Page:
The Alternate Route: Not meeting a goal shouldn’t come as a surprise to people who eschew support. While it’s certainly not impossible to go it alone, people are much more likely to stick with a goal if they have people helping them. Wouldn’t it be easier to meditate every day if your partner did it with you in the morning? And “announcing” a goal – even to just a few key people – has been shown to help people stick to their plan. I like to think of this as a Center Stage effect. If you know people are watching, you are less likely to slack off. I use the Center Stage effect when running. If I stay on a relatively busy road where I am likely to run into people, I am less inclined to stop running or take a break; I power through. Put me on a side street, however, and I’m working stretches into my routine every ¼ mile!
Recalibrate: Pick one goal, make sure you check above to ensure that it is realistic, healthy, and that you have planned properly to ensure success – and then enlist the help of a few friends. The people who care about you also care that you reach your goals and achieve the success you desire. Let them help you!
You lacked confidence.
The Roadblock: If you don’t start, you can’t fail, right? Often, fear of failure can stop us in our tracks. If we lack confidence that we can bring about the change we desire, it can be enough to derail us completely. The good news is that if you’ve set incremental, realistic goals, have planned accordingly, and have a friend (or three) who you can count on to cheer you on, you now just need to tackle what might be the biggest threat to your confidence: YOU!
The Alternate Route: Concerned that you can’t do it? Now is the time to play a little game… with yourself. Look back on other times that you have brought about positive change in your life, big or small. Did you raise your GPA when you weren’t sure you could? Did you lower your cholesterol to avoid taking medication? Did you sign up for a sports league when you were new in town? Have you ever changed a routine, improved a situation, or lessened a stress in your life? Great! Then you are more than capable of bringing about other positive changes, including the seemingly insurmountable ones that pop into your head when you hear the words “resolution.” And don’t forget that focusing on incremental change – taking small steps and celebrating each success – will also give you the confidence boost you need to keep going!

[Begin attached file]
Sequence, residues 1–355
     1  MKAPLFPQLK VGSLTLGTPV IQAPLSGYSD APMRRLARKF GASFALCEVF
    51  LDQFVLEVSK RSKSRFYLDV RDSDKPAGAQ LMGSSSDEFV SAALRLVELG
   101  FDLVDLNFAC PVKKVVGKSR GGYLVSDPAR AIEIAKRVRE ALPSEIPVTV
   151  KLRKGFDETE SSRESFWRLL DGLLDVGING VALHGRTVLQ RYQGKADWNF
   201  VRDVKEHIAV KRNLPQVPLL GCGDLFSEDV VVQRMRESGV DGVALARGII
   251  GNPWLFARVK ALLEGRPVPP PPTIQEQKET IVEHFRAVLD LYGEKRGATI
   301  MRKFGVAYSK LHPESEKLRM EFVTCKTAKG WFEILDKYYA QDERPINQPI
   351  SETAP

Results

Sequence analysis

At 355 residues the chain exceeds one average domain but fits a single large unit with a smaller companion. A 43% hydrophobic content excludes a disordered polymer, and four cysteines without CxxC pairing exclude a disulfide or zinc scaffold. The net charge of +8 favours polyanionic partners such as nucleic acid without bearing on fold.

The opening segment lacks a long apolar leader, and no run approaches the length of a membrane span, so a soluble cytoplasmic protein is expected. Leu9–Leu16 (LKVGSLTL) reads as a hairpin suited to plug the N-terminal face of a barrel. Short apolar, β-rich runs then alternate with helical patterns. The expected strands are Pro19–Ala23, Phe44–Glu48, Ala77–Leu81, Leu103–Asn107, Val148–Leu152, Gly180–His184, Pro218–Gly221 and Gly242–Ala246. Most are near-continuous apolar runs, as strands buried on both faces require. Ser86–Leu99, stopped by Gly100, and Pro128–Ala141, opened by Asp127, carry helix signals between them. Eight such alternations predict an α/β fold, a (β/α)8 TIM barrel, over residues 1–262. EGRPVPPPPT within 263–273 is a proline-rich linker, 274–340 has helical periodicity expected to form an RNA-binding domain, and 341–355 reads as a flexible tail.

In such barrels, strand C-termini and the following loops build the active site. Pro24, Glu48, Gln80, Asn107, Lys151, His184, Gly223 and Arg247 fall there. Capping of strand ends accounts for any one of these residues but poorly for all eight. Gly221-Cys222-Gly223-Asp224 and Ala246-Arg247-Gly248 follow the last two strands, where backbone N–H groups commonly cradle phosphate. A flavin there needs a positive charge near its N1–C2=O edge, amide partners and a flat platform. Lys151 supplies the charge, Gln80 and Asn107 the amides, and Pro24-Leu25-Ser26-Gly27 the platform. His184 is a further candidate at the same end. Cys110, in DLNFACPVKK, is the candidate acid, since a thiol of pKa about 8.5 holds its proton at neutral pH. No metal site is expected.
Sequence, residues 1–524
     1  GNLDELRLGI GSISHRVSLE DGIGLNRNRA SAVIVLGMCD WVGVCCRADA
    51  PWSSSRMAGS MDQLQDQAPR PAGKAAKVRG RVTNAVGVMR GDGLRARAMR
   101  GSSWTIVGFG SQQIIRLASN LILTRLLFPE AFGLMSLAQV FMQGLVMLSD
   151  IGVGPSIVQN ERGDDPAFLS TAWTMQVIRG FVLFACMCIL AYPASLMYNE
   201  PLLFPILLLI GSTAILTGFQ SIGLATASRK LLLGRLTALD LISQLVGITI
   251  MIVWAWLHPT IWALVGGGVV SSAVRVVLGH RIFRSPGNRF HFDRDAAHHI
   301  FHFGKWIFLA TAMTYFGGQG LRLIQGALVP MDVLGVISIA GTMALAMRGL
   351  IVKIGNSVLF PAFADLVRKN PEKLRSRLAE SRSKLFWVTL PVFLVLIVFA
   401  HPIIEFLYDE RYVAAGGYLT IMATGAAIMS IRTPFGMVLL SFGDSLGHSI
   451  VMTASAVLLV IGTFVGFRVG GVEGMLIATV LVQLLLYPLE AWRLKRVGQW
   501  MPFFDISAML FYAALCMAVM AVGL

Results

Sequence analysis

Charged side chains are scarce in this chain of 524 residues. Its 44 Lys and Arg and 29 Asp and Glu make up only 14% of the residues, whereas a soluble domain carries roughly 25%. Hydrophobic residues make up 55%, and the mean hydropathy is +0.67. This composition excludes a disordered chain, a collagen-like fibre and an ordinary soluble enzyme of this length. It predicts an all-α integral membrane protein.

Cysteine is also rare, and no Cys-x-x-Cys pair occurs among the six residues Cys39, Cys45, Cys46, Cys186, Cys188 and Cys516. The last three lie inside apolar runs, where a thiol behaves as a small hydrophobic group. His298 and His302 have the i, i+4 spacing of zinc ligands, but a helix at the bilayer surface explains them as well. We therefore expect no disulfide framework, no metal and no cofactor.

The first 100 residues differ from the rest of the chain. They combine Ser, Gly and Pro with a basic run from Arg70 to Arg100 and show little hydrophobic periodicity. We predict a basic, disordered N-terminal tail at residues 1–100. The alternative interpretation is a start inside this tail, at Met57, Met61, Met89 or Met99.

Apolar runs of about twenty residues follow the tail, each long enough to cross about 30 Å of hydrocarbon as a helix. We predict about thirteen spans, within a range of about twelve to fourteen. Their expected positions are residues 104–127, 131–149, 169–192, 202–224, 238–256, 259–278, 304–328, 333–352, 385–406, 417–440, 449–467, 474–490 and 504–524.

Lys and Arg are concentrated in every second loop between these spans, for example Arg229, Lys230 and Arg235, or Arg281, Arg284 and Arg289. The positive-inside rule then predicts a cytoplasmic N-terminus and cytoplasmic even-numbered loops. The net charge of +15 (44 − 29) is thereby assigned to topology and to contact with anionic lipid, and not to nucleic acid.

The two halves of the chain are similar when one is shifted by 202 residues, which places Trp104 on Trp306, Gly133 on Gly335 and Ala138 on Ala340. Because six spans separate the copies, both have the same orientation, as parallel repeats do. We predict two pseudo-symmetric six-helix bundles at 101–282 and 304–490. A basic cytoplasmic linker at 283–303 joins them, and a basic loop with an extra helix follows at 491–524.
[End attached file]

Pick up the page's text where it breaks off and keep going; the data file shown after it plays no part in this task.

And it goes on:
Recalibrate: By taking the steps outlined in Roadblocks 1, 2, and 3, you can likely eliminate a lot of things that might have been causing you stress. And by focusing on times that you did achieve your goals, you can bolster your confidence further. Now, it’s up to you! You’re the only one who can bring about this change. Consider January as a practice run to work out the kinks. Now focus on getting started in the coming month. Just imagine how great you’ll feel when you’re well on your way come the end of February. Good luck!
The Underrated Appeal of Tess McGill: A “panel” “discussion” of one of my favorite movies, Working Girl. (Highlight: “Speaking of romantic comedies, this movie is usually defined as one. But romance is really not the endgame in Working Girl. Tess isn’t looking for a man; she’s looking to put together a business deal. When Jack (a devastatingly handsome Ford) comes along, she initially sees him as a distraction. She falls in love with him because he’s the first person to ever see her as she wants to be seen: This tough, savvy businesswoman. In fact, the woman who spends the entire film scheming to get married is the antagonist, Katharine (played by Weaver). I love that adorable scene of Jack and Tess getting ready to go to work, but it’s significant that the final shot of the film is Griffith in her new office, alone.”) https://www.yahoo.com/movies/working-girl-perfect-movie-gifs-108085849302.html
As Smart as You Look: Jessica L. Glazer, here, sharing with you a WSJ article on the things we often do to appear smart, the things people actually look for when trying to gauge your intelligence, and what really works if you’re attempting to come across as the next Girl-or-Boy Genius. (Hint: Sit up straight, make eye contact, and use a middle initial.) (Bonus: this article comes with an easy-to-read, easy-to-understand infographic!) http://www.wsj.com/articles/how-to-look-smarter-1421189631
Red, Red Resveratrol: A quick review of a recent study that shows that red wine contains enough resveratrol to “mimic” a workout. Don’t think about skipping the gym altogether, but this might be enough of an excuse to shorten your Friday night workout and make it to the end of Happy Hour! (Apparently, you could also eat pistachios or grapes to get the same effect but… nah.) http://elitedaily.com/news/world/glass-wine-equivalent-going-gym/770635/